Your starting ship is probably not quite fit for “real” combat in all but the easiest difficulties. However, if pirates attack the sector you’re in, and it’s a populated sector, you’d likely have a number of friendly combat ships from the controlling faction that will go and fight them. You can thus try to “help” them by shooting the pirates with your starter chainguns. (Note that their range is only about 3.5 km, so you have to be pretty close. You know you’ve hit them when numbers begin to fly.) Be careful; if they begin to shoot back, get away and try to refocus their attention to one of the NPC ships. Even this token effort will net you a reward (~15,000) when the pirates are defeated, and sometimes a useful turret or upgrade. Unfortunately, alien attacks (as of the time of writing) don’t produce any reward other than faction reputation.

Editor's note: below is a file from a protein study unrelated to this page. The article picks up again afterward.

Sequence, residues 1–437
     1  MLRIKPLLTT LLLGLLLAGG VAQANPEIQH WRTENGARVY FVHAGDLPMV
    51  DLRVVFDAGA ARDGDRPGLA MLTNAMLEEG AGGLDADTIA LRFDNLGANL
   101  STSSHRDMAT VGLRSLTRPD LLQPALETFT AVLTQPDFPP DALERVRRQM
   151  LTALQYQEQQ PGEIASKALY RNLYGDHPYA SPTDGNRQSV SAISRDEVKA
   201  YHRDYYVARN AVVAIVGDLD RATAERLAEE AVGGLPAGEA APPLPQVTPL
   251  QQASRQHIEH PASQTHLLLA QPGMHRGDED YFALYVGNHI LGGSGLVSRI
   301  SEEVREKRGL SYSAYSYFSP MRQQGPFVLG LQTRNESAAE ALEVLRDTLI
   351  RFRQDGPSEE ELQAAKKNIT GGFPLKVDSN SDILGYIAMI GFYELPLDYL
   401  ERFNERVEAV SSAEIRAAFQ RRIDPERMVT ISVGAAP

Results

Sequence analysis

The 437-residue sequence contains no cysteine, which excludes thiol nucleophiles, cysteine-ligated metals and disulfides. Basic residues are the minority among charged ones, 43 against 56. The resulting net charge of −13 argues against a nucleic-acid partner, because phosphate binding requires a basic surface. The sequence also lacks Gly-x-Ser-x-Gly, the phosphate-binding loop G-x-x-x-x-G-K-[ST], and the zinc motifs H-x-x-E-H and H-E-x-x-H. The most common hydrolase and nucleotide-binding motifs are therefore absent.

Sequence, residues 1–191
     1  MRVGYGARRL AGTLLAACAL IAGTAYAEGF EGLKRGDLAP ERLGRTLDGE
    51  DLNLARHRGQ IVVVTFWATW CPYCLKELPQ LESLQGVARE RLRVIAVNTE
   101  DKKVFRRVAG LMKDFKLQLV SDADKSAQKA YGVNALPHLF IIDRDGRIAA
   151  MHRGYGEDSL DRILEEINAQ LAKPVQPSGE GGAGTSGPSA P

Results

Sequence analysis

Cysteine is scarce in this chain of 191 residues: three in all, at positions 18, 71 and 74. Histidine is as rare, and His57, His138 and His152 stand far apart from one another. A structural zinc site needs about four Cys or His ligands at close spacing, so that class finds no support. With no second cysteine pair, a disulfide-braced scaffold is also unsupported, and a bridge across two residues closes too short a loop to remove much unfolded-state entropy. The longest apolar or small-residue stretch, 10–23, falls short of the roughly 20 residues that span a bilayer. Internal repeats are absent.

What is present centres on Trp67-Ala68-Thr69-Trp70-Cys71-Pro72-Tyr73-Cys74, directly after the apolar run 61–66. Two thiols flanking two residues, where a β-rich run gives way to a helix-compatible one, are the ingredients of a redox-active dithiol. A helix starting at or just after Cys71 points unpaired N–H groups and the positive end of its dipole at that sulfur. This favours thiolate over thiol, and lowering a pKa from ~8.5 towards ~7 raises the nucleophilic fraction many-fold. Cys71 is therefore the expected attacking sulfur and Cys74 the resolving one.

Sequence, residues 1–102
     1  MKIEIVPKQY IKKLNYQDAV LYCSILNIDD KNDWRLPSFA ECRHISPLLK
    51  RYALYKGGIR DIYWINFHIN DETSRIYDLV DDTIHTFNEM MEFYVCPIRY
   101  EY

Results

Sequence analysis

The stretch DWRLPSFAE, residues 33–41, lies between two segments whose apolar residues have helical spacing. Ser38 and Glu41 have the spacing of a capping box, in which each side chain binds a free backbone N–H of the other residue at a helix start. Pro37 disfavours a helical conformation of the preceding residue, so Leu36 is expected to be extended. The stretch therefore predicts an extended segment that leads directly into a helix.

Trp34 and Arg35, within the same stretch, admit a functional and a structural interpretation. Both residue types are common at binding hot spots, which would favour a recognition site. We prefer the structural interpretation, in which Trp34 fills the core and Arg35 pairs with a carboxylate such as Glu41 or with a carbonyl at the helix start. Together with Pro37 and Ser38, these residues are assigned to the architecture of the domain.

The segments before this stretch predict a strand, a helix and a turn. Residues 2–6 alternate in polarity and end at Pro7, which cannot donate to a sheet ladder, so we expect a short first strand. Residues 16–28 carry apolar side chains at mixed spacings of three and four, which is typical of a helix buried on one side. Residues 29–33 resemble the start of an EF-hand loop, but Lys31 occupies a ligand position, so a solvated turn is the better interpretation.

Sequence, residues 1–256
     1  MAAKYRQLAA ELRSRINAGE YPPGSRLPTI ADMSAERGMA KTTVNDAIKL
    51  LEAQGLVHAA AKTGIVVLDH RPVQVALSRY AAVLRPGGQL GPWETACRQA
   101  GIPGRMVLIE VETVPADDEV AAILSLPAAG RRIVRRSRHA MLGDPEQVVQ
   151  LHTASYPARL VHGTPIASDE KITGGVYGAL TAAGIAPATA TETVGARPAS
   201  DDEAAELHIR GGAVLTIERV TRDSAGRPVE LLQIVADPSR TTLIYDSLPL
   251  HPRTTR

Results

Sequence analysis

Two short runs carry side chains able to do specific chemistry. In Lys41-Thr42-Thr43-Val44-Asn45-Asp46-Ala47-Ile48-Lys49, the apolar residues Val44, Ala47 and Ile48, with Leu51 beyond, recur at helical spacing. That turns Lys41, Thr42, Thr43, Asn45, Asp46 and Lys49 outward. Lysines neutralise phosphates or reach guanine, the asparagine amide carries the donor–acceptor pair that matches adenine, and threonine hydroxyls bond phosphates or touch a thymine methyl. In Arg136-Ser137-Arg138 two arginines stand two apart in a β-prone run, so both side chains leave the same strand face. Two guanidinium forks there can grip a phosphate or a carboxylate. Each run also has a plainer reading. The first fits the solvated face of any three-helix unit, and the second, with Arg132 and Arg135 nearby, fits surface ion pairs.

However, regardless whether they are pirates, aliens, or even another faction, combat leaves behind defeated ships and wreckage. Often there are turrets and upgrades that fly out of them when they are defeated that you can just pick up; however you may earn even more turrets and upgrades by searching the wreckage (i.e. blowing it up). Don’t bother getting every last piece, just break up the larger bits.

If you happen to have a salvage turret, you can equip it and get some minerals during salvage, but generally the turrets/upgrades are your goal, so your regular weapons will do fine.

If you find useful upgrades and turrets, you can equip them. Sell unneeded ones to a nearby equipment dock. (On the map screen, there is a search bar on the top left; your starting sector would also have an equipment dock)

Be especially on the look out for “transporter upgrades”. It is recommended you sell these in the early game, because you can’t actually use them till late game (when you obtain Xanion), and by then you probably would have looted a higher-quality version. Even a common one can sell for a whopping 625,000 at an equipment dock!